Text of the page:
Justice goes from prosecuting now to later
WASHINGTON -- The U.S. Justice Department, in a major policy shift, has put off prosecuting more than 50 companies suspected of bad behavior, a study of records shows.
Instead, companies large and small have avoided the financial and public relations cost of defending themselves against criminal charges with a so-called deferred prosecution agreement that allow the government to collect fines and appoint an outside monitor to impose internal reforms without a trial, The New York Times reported Wednesday.
Deferred prosecutions has some legal experts wondering the shift led companies, particularly financial institutions under investigation for their roles in the subprime mortgage mess, to push the envelope of corporate anti-fraud laws, the Times said.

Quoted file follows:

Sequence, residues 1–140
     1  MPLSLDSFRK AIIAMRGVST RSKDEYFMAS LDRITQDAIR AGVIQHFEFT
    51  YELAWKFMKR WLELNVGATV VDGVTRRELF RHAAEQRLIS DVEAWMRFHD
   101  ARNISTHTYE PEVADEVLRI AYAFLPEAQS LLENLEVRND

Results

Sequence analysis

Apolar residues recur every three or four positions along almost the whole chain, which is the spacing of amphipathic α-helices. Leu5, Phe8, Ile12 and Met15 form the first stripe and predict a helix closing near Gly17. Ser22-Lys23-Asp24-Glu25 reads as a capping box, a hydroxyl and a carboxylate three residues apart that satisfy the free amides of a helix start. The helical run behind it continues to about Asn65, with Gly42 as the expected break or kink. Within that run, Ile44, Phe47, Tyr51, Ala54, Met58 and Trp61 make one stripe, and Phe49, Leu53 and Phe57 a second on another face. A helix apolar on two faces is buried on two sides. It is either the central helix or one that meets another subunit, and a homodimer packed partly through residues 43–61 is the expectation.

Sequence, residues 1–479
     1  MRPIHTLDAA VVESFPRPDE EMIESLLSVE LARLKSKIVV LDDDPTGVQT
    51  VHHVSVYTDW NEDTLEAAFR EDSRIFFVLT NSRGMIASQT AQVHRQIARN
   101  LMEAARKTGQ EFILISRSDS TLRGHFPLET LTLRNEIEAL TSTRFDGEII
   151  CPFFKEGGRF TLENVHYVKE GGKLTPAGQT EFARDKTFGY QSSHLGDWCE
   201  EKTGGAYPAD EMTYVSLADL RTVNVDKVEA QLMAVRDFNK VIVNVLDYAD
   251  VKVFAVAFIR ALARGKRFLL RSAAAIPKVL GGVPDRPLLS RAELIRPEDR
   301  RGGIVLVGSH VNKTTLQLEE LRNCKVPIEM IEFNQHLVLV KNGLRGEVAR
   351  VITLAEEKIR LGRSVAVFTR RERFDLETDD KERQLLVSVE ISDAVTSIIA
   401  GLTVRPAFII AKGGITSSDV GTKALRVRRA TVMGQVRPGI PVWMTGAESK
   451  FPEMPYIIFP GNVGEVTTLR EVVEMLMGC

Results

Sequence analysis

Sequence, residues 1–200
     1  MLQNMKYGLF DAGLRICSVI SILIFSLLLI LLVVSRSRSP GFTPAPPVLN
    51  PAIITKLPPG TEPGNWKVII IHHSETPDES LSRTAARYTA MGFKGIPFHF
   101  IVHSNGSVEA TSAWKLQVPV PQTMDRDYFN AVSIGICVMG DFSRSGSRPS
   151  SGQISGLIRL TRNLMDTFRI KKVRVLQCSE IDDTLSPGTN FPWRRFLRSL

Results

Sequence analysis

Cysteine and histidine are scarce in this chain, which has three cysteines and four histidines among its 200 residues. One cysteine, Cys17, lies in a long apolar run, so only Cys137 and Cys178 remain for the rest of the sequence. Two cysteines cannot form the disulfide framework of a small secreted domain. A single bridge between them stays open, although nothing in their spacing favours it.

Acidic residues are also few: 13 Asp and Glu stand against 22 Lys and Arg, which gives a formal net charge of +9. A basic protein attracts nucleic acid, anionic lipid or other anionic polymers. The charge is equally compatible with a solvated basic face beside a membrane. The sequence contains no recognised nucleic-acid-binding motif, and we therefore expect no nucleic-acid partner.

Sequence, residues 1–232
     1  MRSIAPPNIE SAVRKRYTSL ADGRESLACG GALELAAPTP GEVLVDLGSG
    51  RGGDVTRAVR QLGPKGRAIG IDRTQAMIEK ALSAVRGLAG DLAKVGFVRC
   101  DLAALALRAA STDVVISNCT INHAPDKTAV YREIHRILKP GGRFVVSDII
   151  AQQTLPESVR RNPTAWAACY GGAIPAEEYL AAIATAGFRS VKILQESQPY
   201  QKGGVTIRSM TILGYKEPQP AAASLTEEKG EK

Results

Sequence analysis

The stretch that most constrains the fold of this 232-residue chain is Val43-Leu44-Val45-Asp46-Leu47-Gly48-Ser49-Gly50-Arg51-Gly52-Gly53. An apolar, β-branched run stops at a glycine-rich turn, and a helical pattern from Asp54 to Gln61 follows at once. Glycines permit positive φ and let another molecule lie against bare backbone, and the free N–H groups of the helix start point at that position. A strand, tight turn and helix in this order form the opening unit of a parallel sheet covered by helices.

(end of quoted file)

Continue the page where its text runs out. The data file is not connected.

Firms readily agreed to the deferred prosecutions because "clearly it avoids a bigger headache for them," said Vikramaditya Khanna, a University of Michigan law professor.
Paul McNulty is the deputy attorney general who implemented new guidelines for corporate investigations at the Justice Department. With the imposition of fines and a monitor, "the reality is that for the government, it gets pretty much everything without the difficulty of going forward with an indictment," McNulty, now in private practice, told the Times.
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